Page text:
The age cap amendment for judges is one of six constitutional changes voters will consider in November.
Earlier this week, a coalition backing the casino expansion proposal was formed that includes members of the business community and labor.
Jun 25th - 12:32 pm
While the Supreme Court 5-4 decision to strike down a portion of the Voting Rights Act has a more high-profile impact on southern states, there is a New York impact as well.
The provision for the Justice Department to review changes to election law also covers Brooklyn, the Bronx and Manhattan in New York City.
More immediately, the most recent election law measures approved in the state Legislature — lever machines for New York City and moving the mayoral runoff date — will not require preclearance from the U.S. Justice Department.
In the longer term, New Yorkers wishing challenge any city or state election law change will potentially go through a far more complicated briar patch of legal manuevers, according to Jeff Wice, an outside counsel for the Senate Democrats who is now affiliated with Effective NY.
“Any New Yorker who now wants to challenge an election law would have to go through a costly and time consuming federal lawsuit where the burden is on the challenging plantiff to invalidate the law and it is always a difficult uphill battle,” Wice said in an interview.
And then there’s the scenario in which the redistricting issue could be revisited, but this time without preclearance from the Justice Department.
Wice, who is an attorney arguing on the Favors case challenging the Senate redistricting plan, said if a federal court tosses out the maps, the process will go back to the Legislature and the governor.
Only this time, there would be no approval from the Justice Department (which already signed off on the original maps drawn in 2012 by state lawmakers).
The Favors case is current in its pre-trial discovery phase in the Eastern District court in Brooklyn before a three-judge panel.
The expectation is the court would want to hear the case and make a decision before the 2014 elections.
Democratic officials in New York aren’t happy with the development.
“The Supreme Court’s decision to strike down Section 4 is deeply disappointing, and Congress must act immediately to develop a new coverage provision that will ensure equal access to the political process for every American,” Attorney General Eric Schneiderman said in a statem. “While the Supreme Court has preserved the preclearance process of Section 5, it is now the responsibility of Congress to ensure that the Voting Rights Act continues to play its vital role in strengthening our democracy and combating and deterring voting discrimination.”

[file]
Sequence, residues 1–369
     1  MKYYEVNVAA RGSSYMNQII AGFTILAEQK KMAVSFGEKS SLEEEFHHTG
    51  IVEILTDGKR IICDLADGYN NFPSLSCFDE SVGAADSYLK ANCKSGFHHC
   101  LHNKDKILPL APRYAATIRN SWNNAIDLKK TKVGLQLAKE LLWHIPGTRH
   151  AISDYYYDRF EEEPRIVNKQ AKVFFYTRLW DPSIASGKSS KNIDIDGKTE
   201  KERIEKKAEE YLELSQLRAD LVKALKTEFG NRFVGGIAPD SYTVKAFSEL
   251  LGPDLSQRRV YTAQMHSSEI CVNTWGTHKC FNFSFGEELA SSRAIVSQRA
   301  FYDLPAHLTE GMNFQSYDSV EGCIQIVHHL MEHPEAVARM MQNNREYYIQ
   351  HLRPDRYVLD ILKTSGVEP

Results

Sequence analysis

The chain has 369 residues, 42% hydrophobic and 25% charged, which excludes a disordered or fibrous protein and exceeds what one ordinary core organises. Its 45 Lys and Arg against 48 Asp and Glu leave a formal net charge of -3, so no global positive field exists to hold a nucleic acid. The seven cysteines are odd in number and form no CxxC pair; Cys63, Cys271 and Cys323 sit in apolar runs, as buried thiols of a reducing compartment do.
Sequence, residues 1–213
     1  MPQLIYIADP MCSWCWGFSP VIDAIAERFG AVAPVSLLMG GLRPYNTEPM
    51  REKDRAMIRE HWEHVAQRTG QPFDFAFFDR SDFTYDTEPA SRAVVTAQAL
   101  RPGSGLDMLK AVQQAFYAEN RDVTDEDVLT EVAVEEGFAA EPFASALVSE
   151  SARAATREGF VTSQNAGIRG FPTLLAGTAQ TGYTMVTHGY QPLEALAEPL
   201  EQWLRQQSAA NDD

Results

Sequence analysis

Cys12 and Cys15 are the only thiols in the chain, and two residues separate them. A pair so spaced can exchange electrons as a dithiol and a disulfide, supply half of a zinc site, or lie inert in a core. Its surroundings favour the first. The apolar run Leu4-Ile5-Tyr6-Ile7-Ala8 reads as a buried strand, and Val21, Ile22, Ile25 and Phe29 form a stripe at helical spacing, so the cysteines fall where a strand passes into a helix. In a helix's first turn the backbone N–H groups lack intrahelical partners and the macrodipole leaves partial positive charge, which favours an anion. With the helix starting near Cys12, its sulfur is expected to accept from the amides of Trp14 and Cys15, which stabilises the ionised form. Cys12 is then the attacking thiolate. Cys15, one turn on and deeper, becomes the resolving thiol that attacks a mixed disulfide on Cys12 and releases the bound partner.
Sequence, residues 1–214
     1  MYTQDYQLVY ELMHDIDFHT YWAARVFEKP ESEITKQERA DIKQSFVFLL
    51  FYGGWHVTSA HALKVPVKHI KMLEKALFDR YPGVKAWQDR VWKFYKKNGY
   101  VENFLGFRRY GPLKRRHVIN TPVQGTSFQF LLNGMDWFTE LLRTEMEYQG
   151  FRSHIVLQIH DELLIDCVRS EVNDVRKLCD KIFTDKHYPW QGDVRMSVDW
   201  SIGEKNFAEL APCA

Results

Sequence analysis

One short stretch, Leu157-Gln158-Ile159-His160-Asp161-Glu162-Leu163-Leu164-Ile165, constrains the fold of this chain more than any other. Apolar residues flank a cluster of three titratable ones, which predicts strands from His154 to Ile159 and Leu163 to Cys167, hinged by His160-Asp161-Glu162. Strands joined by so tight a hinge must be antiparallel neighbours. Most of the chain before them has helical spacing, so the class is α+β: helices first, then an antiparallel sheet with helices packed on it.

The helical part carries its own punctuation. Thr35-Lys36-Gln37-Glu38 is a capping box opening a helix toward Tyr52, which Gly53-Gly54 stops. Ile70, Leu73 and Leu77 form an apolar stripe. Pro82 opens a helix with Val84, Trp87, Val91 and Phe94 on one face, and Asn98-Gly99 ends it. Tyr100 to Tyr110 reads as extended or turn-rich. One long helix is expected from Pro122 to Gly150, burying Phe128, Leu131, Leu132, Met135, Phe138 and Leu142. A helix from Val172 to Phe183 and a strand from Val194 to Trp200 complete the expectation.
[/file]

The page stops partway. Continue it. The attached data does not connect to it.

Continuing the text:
Jun 20th - 4:43 pm
The state’s newest Court of Appeals judge was sworn in Thursday, with a high-profile former classmate on hand. Sheila Abdus-Salaam was unanimously confirmed by the state senate last month. She comes to the state’s highest court with 20 years of experience as a judge. And at her swearing-in ceremony, her experience and commitment to public service were praised by U-S Attorney General Eric Holder, who attended Columbia Law School with Abdus-Salaam. Holder talked about their time at Columbia together, commenting on her “relentless pursuit of excellence,” her compassion, and also her ability to “boogie.”
Holder has undergone his fair share of controversies in Washington, with several appearances before Congressional committees to talk about Department of Justice programs. He referenced those situations when he admitted that Adbus-Salaam has one ability he envies. She was unanimously confirmed by the Senate last month, and Holder said he read that during her confirmation process, Judge Abdus-Salaam got a standing ovation every time she appeared before members of the legislature. He told the crowd “Now as someone who appears before a different legislature in Washington DC, I know just how extraordinary that is,” and said he hoped she could give him some tips before he went back to DC.
Judge Abdus-Salaam returned Holder’s praising, noting how remarkable it was that they had gone on from their time together in law school to become the first black U.S. Attorney General and the first black women on New York’s Court of Appeals. Abdus-Salaam replaced Theodore Jones, who passed away last year. He was the first African-American judge on the Court of Appeals.